The Black Man's Burdon
Avenue / Rhino Records, 1971
REVIEW BY: Eric E5S16
ORIGINALLY PUBLISHED: 08/21/2000
Eric Burdon was most famous with his group The Animals. Burdon left the Animals at the end of the 1960s, and helped form a band named War, who would later find fame after he left. ("Cisco Kid," "The World Is A Ghetto," "Low Rider," "Why Can't We Be Friends.") Burdon & War's second album together, The Black Man's Burdon, defines rock with a mix of jazz, a sound unheard of in the music of The Animals.
Take the case of the opening track, the near-15 minute jam, "Paint It Black Medley". The Rolling Stones favorite is here; however, it is set to a latin-jazz beat, where even Carlos Santana may have recorded this song back in the late 1960s/early 1970s. Part of the medley continues the latin-jazz sound with other songs in this medley: "Laurel & Hardy / Pintello Negro / P.C. 3 / Blackbird." All in all, this song is a true great jam, much different that the Rolling Stones version.
"Spirit" combines soul with jazz. A near-10 minute jam, it also is impressive. "Beautiful New Born Child" is rock, however it doesn't catch the excitement as the first two songs; it kind of drags, being just over five minutes in length.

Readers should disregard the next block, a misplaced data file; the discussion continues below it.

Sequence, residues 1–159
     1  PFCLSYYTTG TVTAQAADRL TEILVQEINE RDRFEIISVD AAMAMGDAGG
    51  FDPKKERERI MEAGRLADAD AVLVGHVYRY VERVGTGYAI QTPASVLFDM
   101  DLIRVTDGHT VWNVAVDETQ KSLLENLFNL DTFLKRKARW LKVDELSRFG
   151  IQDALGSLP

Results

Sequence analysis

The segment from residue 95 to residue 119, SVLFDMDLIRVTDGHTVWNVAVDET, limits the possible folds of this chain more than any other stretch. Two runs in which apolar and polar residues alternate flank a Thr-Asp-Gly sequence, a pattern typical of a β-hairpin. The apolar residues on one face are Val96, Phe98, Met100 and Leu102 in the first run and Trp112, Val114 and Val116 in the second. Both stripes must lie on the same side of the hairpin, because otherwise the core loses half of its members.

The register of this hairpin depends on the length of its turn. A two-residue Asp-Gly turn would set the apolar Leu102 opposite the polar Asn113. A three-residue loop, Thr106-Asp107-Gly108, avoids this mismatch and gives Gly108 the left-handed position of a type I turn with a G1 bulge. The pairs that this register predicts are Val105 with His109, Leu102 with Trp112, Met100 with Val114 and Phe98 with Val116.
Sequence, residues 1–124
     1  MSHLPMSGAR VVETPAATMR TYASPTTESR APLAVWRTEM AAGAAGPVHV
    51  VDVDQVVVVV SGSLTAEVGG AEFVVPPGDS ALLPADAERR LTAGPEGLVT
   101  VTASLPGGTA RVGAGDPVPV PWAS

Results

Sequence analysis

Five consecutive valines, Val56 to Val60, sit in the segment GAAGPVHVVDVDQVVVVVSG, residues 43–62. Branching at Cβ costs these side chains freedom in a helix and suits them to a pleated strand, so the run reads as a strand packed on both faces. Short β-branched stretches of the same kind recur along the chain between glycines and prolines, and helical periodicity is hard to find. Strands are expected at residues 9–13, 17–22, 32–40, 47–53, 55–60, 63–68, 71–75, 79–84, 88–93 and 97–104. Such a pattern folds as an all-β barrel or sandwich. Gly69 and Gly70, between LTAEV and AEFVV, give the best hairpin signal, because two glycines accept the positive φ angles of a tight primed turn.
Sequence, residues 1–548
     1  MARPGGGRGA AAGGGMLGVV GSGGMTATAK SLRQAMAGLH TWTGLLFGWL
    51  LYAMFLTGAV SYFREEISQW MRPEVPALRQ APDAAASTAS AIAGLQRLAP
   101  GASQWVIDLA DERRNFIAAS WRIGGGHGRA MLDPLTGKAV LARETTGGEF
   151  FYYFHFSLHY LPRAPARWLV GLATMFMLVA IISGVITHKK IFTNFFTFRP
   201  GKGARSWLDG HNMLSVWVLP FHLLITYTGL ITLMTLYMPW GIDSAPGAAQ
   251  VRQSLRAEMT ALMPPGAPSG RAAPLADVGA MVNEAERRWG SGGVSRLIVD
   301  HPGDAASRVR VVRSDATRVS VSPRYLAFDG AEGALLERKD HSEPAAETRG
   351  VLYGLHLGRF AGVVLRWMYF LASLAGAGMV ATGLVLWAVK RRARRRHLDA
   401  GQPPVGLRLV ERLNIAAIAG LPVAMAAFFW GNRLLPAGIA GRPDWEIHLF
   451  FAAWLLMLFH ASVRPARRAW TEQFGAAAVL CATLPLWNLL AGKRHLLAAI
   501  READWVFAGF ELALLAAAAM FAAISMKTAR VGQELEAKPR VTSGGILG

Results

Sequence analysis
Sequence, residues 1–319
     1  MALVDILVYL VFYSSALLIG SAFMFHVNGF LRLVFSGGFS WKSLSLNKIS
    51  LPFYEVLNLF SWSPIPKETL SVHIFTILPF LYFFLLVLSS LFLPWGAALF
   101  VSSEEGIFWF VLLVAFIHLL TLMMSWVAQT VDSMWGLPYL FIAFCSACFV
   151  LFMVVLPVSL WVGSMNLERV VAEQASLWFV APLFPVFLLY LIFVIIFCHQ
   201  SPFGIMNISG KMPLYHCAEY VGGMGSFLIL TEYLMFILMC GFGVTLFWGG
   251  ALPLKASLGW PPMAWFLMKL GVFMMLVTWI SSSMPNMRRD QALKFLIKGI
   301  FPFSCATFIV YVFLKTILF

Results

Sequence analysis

Another quite impressive remake is the Moody Blues' "Nights In White Satin I." It's much slower, and mysterious. It merges into the next two songs, "The Bird And The Squirrel" and "Nuts, Seeds And Life." These songs mix latin-jazz and some very impressive bass playing by B.B. Dickerson.
Like Burdon & War's previous hit from their first album, "Spill The Wine," a story is being told in "Out Of Nowhere." In it, Burdon recites how his world is seen. This song then merges into "Nights In White Satin II." So we have another very interesting medley, like the "Paint It Black Medley."
Another long-length number, the ten-minute "Sun/Moon" truly defines slow-jazz with blues. "Pretty Colors" is a groovy, snappy jazzy number. "Gun" has a tropical jazz sound, mixed with the blues, as it merges into "Jingo," another upbeat jazz/blues song.
Having a somewhat boogie-woogie John Lee Hooker/ZZ Top sound, "Bare Back Ride" gets the head a-boppin'. "Home Cookin'" is definitely rock blues with some cool harmonica, as this song could easily have been recorded by The J. Geils Band. "You Can't Take Away Our Music" is soul-inspired, as in many of the early 1970s soul artists/groups.
The Black Man's Burdon defines a different sound than what we had normally heard from Eric Burdon and The Animals. Jazz, Soul and Blues are easily mixed on this 2-CD set. Burdon & War would team up for one last album together, Love Is All Around; afterwards, War would strike out on their own, and develop their own soul sound, and become just as popular as the many groups of the 1970s. This was the beginning roots of War, and with a veteran blues singer such as Eric Burdon, it was a great start.